Very Low Noise, High Efficiency Propeller Designs for Small UAVs

Period of Performance: 05/16/2002 - 11/15/2002

$70K

Phase 1 SBIR

Recipient Firm

Global Aircraft Corp.
P.O. Box 850
Starkville, MS 39760
Principal Investigator

Abstract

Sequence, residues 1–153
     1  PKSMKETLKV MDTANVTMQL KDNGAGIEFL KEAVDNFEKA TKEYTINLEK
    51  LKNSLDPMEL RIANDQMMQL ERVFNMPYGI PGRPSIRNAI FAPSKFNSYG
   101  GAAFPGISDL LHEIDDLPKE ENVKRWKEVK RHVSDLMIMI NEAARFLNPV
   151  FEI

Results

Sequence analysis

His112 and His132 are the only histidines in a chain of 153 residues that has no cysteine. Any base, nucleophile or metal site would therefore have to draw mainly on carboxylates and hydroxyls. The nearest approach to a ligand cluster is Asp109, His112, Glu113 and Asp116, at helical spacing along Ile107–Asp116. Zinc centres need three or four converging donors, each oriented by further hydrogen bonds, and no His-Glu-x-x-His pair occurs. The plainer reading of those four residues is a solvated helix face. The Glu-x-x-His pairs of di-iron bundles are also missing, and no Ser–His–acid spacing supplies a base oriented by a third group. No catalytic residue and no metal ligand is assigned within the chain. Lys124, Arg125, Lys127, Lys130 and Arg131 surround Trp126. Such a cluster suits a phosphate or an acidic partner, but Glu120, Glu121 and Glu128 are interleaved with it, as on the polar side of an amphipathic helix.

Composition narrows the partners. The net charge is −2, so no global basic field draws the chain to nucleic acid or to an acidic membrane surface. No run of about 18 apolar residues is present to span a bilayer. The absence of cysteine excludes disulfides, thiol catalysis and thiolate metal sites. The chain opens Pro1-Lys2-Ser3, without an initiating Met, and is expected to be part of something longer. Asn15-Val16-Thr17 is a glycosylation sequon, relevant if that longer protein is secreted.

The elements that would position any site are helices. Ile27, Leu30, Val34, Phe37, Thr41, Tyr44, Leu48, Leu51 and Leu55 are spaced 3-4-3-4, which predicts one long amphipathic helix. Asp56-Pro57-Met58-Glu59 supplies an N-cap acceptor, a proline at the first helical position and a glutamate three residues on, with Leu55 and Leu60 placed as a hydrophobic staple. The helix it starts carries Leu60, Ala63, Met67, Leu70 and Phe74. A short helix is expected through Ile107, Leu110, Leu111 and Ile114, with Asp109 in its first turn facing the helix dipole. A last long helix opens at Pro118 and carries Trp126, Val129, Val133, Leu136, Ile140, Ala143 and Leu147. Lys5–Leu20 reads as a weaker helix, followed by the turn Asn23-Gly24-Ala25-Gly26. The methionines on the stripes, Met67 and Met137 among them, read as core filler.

The proposed SBIR program offers a unique opportunity to use design and fabrication technology developed in recent government and industry funded programs to design a low-cost, high-performance, light-weight, low-noise propeller for Small UAV's. Global Aircraft Corp.(GAC) has the technology to design and manufacture composite propellers with scimitar shaped blades that flex to change pitch. This ability to flex allows the propeller to provide high performance over a wide range of operating conditions. This technology was developed under NASA SBIR and NASA AGATE funding. The design process has been recently automated using a rules-based computer program that performs finite analysis of blade geometry to show the effect of operating condition on blade deflection and vibratory modes that must be addressed in a structurally sound propeller design. The objective of the proposed SBIR Phase I project is to design, fabricate, and test proof-of-concept propellers that produce 12 dB less noise than commercially available hobby industry 2-blade propellers. The Phase II work is to further reduce the noise of the propeller developed in Phase I by 8 or more dB while maintaining performance within 5% of the Phase I design. The proposed SBIR project will increase the knowledge base concerning the design of low-noise, high-efficiency propellers for small UAVs. This knowledge can be applied to the design of propellers for numerous military and industrial UAVs, most of which currently use propellers designs based on seventy year old propeller technology. The technology generated in this project is directly applicable to design and production of propellers for the model airplane industry and will result in much quieter and more efficient operations. The knowledge and experience gained in this project will also extend to the design and production of propellers for low power recreational aircraft and general aviation airplanes.